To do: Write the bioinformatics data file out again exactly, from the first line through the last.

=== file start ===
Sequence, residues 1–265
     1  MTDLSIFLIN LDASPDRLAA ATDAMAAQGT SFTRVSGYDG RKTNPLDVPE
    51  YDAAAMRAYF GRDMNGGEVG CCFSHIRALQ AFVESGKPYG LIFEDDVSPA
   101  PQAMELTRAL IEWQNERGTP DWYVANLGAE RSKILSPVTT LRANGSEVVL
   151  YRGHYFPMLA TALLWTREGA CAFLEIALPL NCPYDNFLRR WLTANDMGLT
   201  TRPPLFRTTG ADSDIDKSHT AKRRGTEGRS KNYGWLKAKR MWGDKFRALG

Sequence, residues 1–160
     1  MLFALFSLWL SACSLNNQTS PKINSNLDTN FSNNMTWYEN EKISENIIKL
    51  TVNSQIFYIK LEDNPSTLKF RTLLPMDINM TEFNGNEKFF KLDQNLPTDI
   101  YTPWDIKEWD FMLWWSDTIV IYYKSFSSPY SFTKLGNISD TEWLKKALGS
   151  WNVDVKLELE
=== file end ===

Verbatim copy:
Sequence, residues 1–265
     1  MTDLSIFLIN LDASPDRLAA ATDAMAAQGT SFTRVSGYDG RKTNPLDVPE
    51  YDAAAMRAYF GRDMNGGEVG CCFSHIRALQ AFVESGKPYG LIFEDDVSPA
   101  PQAMELTRAL IEWQNERGTP DWYVANLGAE RSKILSPVTT LRANGSEVVL
   151  YRGHYFPMLA TALLWTREGA CAFLEIALPL NCPYDNFLRR WLTANDMGLT
   201  TRPPLFRTTG ADSDIDKSHT AKRRGTEGRS KNYGWLKAKR MWGDKFRALG

Sequence, residues 1–160
     1  MLFALFSLWL SACSLNNQTS PKINSNLDTN FSNNMTWYEN EKISENIIKL
    51  TVNSQIFYIK LEDNPSTLKF RTLLPMDINM TEFNGNEKFF KLDQNLPTDI
   101  YTPWDIKEWD FMLWWSDTIV IYYKSFSSPY SFTKLGNISD TEWLKKALGS
   151  WNVDVKLELE